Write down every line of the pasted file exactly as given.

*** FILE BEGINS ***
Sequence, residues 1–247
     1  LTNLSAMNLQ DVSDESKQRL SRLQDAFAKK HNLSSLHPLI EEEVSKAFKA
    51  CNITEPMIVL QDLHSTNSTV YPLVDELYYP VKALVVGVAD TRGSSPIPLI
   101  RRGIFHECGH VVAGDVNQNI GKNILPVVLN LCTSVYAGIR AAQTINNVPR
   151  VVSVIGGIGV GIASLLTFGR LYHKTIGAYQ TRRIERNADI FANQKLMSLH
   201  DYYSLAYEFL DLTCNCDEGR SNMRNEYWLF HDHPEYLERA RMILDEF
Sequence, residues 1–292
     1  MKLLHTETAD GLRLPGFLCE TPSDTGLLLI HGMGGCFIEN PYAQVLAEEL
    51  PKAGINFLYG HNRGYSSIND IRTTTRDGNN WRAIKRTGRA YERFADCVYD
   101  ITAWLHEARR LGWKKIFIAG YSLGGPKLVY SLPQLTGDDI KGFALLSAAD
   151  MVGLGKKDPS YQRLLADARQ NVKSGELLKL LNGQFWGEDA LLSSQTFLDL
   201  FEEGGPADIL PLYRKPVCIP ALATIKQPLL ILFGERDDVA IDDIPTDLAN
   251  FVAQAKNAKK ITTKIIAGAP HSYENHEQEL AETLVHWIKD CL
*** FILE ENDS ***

Sequence, residues 1–247
     1  LTNLSAMNLQ DVSDESKQRL SRLQDAFAKK HNLSSLHPLI EEEVSKAFKA
    51  CNITEPMIVL QDLHSTNSTV YPLVDELYYP VKALVVGVAD TRGSSPIPLI
   101  RRGIFHECGH VVAGDVNQNI GKNILPVVLN LCTSVYAGIR AAQTINNVPR
   151  VVSVIGGIGV GIASLLTFGR LYHKTIGAYQ TRRIERNADI FANQKLMSLH
   201  DYYSLAYEFL DLTCNCDEGR SNMRNEYWLF HDHPEYLERA RMILDEF
Sequence, residues 1–292
     1  MKLLHTETAD GLRLPGFLCE TPSDTGLLLI HGMGGCFIEN PYAQVLAEEL
    51  PKAGINFLYG HNRGYSSIND IRTTTRDGNN WRAIKRTGRA YERFADCVYD
   101  ITAWLHEARR LGWKKIFIAG YSLGGPKLVY SLPQLTGDDI KGFALLSAAD
   151  MVGLGKKDPS YQRLLADARQ NVKSGELLKL LNGQFWGEDA LLSSQTFLDL
   201  FEEGGPADIL PLYRKPVCIP ALATIKQPLL ILFGERDDVA IDDIPTDLAN
   251  FVAQAKNAKK ITTKIIAGAP HSYENHEQEL AETLVHWIKD CL